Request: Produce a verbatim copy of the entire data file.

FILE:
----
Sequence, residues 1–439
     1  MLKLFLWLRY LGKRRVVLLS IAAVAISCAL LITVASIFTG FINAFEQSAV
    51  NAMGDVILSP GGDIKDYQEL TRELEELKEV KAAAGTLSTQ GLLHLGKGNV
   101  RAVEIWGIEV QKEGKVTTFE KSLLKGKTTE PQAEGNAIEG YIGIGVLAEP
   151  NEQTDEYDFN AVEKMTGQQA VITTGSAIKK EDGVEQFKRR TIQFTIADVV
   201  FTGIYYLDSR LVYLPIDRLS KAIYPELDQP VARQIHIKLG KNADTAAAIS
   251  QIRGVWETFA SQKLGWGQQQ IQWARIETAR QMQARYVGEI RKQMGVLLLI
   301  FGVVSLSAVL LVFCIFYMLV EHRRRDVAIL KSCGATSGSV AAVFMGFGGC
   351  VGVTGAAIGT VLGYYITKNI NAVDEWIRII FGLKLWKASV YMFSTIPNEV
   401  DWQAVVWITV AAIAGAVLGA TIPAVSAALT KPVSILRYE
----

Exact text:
Sequence, residues 1–439
     1  MLKLFLWLRY LGKRRVVLLS IAAVAISCAL LITVASIFTG FINAFEQSAV
    51  NAMGDVILSP GGDIKDYQEL TRELEELKEV KAAAGTLSTQ GLLHLGKGNV
   101  RAVEIWGIEV QKEGKVTTFE KSLLKGKTTE PQAEGNAIEG YIGIGVLAEP
   151  NEQTDEYDFN AVEKMTGQQA VITTGSAIKK EDGVEQFKRR TIQFTIADVV
   201  FTGIYYLDSR LVYLPIDRLS KAIYPELDQP VARQIHIKLG KNADTAAAIS
   251  QIRGVWETFA SQKLGWGQQQ IQWARIETAR QMQARYVGEI RKQMGVLLLI
   301  FGVVSLSAVL LVFCIFYMLV EHRRRDVAIL KSCGATSGSV AAVFMGFGGC
   351  VGVTGAAIGT VLGYYITKNI NAVDEWIRII FGLKLWKASV YMFSTIPNEV
   401  DWQAVVWITV AAIAGAVLGA TIPAVSAALT KPVSILRYE